We will all face the test of adversity and its goal is to make you better and stronger. Even if you are currently crumbling under its weight, focus on the victory for your situation is temporary. Say to yourself – this too shall pass and it must leave me better not worse.

Keep this in mind – someone, someday will need your story of victory. Hang in there. Don’t give up.

4. The day I start creating problems in people’s lives

You must consciously choose to be remembered for your contribution and not your consumption or destruction. Some people leave people worse than they found them, some leave them better. Be of the latter kind.

It will be a sad day for someone to remember you in their sober moments and wish they never met you. Beyond that, there is no reward in passivity where you are not adding value. Always seek to be a blessing, an asset and a reference point in people’s destinies.

5. The day I start trivializing correction and discipline

Our generation is witnessing the worst that can come from a lack of accountability, where people refuse to be governed by principles. Our passions are never a reliable compass to navigate life. They usually set us at tangent from our destined course.

I often have to remind myself that there is no holiday in character growth and that yesterday’s virtue is never an excuse for today’s indulgence.

We must be humble enough to embrace correction and discipline. Becoming a law unto ourselves, choosing to live according to our whims is a flagrant display of pride.

6. The day I see failure as fatal and final

Zig Ziglar said,

“Failure is an event and not a person.”

The only guarantee that you will not fail is to attempt nothing and that in itself, is the greatest form of failure.

The Bible says, “A righteous man may fall seven times and rise again.” It means that in your pursuit of anything worthwhile in life, you will have your fair share of failures but your virtue lies in rising again.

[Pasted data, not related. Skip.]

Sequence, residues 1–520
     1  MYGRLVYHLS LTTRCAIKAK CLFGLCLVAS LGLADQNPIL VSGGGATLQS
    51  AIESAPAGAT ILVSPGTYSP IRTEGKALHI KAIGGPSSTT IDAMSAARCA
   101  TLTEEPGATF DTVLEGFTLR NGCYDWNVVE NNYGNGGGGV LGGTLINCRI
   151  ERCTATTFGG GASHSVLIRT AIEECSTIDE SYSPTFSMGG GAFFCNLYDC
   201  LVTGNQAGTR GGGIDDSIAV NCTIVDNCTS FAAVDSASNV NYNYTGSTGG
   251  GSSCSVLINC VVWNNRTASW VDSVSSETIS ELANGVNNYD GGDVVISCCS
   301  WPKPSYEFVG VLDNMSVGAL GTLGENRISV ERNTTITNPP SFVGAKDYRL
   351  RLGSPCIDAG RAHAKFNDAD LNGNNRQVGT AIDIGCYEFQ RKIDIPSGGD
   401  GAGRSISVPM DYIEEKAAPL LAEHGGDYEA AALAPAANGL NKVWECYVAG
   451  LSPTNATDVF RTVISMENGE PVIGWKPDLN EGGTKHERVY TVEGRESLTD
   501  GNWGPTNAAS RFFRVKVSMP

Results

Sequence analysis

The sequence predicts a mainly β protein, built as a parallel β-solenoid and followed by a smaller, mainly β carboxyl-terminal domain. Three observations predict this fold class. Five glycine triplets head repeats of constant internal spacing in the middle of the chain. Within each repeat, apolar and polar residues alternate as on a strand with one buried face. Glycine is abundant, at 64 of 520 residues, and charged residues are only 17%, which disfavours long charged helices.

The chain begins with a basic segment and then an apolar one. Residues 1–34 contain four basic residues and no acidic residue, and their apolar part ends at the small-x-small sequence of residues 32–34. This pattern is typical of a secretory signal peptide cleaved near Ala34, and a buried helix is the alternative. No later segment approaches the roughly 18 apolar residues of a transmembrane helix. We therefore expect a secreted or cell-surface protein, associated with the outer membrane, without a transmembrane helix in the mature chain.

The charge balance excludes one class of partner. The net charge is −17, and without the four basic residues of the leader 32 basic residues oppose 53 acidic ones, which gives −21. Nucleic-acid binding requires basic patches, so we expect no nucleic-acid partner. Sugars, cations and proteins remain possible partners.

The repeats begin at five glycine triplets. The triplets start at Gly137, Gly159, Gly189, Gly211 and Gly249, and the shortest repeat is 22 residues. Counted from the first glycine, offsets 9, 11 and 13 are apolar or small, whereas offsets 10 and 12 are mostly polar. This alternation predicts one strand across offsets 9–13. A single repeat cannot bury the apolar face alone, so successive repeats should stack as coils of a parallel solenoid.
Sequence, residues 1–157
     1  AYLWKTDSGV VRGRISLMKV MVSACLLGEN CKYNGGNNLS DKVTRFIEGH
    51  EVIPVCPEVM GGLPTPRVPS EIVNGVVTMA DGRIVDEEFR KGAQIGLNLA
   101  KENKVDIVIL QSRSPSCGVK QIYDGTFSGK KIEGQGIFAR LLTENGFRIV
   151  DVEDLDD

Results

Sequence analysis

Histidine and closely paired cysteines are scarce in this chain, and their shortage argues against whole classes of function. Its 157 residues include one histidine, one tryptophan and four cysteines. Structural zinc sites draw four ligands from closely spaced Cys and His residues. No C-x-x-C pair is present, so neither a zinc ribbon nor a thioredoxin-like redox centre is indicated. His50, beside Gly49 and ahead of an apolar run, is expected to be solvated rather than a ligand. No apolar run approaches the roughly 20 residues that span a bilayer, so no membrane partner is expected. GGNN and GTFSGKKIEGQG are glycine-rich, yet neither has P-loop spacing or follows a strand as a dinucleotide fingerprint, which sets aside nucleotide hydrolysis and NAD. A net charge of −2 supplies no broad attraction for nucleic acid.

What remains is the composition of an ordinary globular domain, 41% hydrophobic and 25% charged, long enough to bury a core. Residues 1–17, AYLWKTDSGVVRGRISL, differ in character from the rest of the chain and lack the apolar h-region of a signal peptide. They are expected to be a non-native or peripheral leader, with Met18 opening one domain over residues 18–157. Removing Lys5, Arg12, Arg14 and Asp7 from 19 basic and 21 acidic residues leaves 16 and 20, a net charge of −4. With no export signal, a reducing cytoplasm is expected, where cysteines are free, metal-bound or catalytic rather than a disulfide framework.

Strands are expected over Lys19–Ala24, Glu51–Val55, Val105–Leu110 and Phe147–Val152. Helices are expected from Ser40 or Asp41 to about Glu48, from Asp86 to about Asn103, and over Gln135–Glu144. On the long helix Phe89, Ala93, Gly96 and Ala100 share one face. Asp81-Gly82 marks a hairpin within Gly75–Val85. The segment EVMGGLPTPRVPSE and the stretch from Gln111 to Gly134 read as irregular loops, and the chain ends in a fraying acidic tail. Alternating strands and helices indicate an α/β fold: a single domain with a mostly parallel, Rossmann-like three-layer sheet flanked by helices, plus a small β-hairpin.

Even in your pursuit of virtue, you will often fall short of your standards before you make significant progress. The real failure is when we use a fall as an opportunity to wallow in the mud. See your failures as a slip – short lapse in progress. Then rise again with greater commitment for failure does nurture perseverance in the soul depending on your interpretation.

As long as you are willing to fight again, you will make it. Stop wallowing in self-pity.

7. The day I stop acknowledging my source

I have seen the limitation of my humanity and I’m learning to lean on the arms of God in my moments of strength and especially in my moments of weakness.

I fear the day I stop recognizing his sovereignty and that it is at his discretion that men are made great and given strength.

Humility will always make you realize that you have been helped and that there is nothing that you have that you have not been given. You can make things happen because you have breath and your maker gives that to you. Always be grateful to him for all that you were, are and will be.

He brings all who acknowledge him into the realization of his good plans them.

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2 responses to “The 7 Days I Fear Most When I Imagine The Future

  1. Such a beautiful read.
    I had to learn Number 3 the hard way this year.
    Truly, it’s the most vital lesson I’ve learnt this year. I think I’m now ready for some greatness

  2. Thanks Negrifille. Its tough to keep this perspective when we are going through adversity. However, it’s a necessary mindest to get through it, and not only through it but triumphantly too.